Baradwaj Rangan ambles around Adelaide, fingers fervently crossed at the prospect of slipping into the final test match at the Oval

The twenty-sixth of January, our Republic Day, is also Australia Day. The Advertiser, a newspaper whose name suggests an unblushing commitment to its priorities, asks its readers about their holiday plans. Tenille Aberle from Mawson Lakes replies, “Taking my new son to the beach.” At the other end of the spectrum, the decidedly commonsensical Jeff Kombuts, from Flagstaff Hill, says, “Sleeping and recovering from my hangover.” I would have written in that, as part of a media contingent visiting the city at the invitation of Tourism Australia, my plans were to spend the day at the Adelaide Oval, watching my home team undergo what the local papers are calling a whitewash, as if a fresh coat of paint were being applied over a wall inscribed with the legend “the greatest batting lineup in the world.” In The Advertiser, Scott Walsh gloats, “The shambles that has become India’s summer plunged to a horrific new low as Australia zeroed in on its inevitable 4-0 series sweep.”

Outside the legendary stadium, whose grass bears the crushing brunt of cricketers as well as footballers, people scurry past like ants heeding a queen’s call — thick lines of sports fans from all directions, a few brown-skinned and in defiant detergent-blue T-shirts, the rest white and proud and happy at finding a fitting occasion for an outpouring of patriotic feeling on their national day. Their happiness is manifest in team-coloured hats and face paintings and, in one attention-seeking instance, the Australian flag hanging off the shoulders like a cape. An emphatic roar erupts from inside the stadium — this has got to be bad news. However sporting a nation, they are not going to applaud so enthusiastically a visiting team’s anaemic achievements. Our guide arrives. We skirt the perimeter of the stadium and head towards special seats at the specially designated member’s area, where our sense of privilege is quickly extinguished. The woman at the window insists that there were no tickets left in an envelope for us. Wait here, our guide says, oblivious to the reality that a different option does not exist. He disappears inside with a grim sense of purpose.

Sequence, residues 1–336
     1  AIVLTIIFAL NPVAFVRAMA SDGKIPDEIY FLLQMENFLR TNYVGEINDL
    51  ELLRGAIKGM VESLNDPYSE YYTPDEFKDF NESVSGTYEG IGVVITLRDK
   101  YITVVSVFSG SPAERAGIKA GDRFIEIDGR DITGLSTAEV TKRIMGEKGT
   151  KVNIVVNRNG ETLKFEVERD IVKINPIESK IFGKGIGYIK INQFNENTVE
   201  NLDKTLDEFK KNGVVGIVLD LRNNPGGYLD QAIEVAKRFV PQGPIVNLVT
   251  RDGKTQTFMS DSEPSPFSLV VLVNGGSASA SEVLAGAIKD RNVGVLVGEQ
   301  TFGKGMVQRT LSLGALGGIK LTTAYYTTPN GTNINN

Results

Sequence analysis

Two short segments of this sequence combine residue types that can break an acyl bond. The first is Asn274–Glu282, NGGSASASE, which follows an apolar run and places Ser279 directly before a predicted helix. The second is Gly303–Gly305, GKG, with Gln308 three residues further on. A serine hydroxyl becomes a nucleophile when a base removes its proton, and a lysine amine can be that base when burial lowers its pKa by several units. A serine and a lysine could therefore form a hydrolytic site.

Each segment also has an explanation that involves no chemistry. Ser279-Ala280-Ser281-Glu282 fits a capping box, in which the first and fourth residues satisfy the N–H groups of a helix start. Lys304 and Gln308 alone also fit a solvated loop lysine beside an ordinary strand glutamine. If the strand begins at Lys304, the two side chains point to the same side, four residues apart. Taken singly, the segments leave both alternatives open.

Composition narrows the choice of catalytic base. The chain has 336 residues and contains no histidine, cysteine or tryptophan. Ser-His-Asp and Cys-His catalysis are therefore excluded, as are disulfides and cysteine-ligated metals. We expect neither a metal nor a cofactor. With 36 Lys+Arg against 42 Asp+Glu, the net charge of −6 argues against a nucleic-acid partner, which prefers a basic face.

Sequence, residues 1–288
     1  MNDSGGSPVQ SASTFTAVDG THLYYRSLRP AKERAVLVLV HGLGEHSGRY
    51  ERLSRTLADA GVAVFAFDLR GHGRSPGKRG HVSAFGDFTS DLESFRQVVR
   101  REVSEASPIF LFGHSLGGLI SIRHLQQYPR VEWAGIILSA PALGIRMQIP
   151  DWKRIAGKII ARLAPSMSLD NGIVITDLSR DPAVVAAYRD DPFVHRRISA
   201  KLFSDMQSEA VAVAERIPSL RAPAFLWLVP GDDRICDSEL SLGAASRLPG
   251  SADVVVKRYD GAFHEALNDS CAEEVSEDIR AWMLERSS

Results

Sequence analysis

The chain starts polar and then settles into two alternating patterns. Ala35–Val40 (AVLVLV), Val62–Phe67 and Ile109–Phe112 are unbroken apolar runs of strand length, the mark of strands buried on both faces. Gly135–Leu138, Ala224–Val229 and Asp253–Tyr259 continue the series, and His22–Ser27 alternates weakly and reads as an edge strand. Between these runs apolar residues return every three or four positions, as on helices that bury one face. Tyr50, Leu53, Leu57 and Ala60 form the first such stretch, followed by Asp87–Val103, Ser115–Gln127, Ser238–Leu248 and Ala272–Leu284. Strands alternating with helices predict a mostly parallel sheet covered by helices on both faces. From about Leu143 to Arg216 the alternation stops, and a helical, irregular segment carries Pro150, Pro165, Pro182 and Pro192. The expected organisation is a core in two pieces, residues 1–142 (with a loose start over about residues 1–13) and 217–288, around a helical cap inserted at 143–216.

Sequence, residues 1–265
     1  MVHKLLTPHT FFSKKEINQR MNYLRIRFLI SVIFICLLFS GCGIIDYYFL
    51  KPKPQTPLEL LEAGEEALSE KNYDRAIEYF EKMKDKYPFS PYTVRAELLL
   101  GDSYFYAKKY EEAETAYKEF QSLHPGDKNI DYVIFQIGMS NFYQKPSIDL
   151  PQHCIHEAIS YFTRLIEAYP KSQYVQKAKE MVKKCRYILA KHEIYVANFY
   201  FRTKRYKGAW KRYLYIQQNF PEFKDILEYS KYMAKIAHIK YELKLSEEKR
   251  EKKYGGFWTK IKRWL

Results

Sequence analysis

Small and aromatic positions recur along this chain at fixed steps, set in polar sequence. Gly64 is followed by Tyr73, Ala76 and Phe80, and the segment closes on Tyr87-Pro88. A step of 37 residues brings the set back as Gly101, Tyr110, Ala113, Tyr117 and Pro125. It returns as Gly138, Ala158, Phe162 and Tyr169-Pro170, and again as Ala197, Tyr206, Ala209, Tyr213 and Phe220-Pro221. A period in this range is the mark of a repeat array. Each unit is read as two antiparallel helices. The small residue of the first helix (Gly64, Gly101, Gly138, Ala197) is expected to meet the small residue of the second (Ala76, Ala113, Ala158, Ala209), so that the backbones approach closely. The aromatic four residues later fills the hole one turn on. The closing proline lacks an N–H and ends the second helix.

Peering past the tall iron gates, like a pariah at a country club, I solve the mystery of the emphatic roar. A large man in a black T-shirt calls out to his companion, “Will, Tendulkar’s out. 25.” Our guide appears with the information that someone’s not been kept in the loop, and while that someone figures out what to do we will visit the Don Bradman museum. At least we’ll be on the other side of the gates.

Inside the museum, where a near-silent movie reel of the batsman is on constant play, a representative from the stadium tells us that she saw the tickets being put into an envelope — it’s just that no one seems to know where the envelope is. This is beginning to sound like the dry police procedural that kicks off an investigation in a penny dreadful: The Mystery of the Missing Tickets.

The museum is a small shrine to the great cricketer, inviting us to genuflect in front of his Royal portable typewriter and a battered briefcase whose skin is peeling away and a bat bearing the handwritten accolade “Record Test Score, Australia versus West Indies, 229 at Brisbane, 1931.”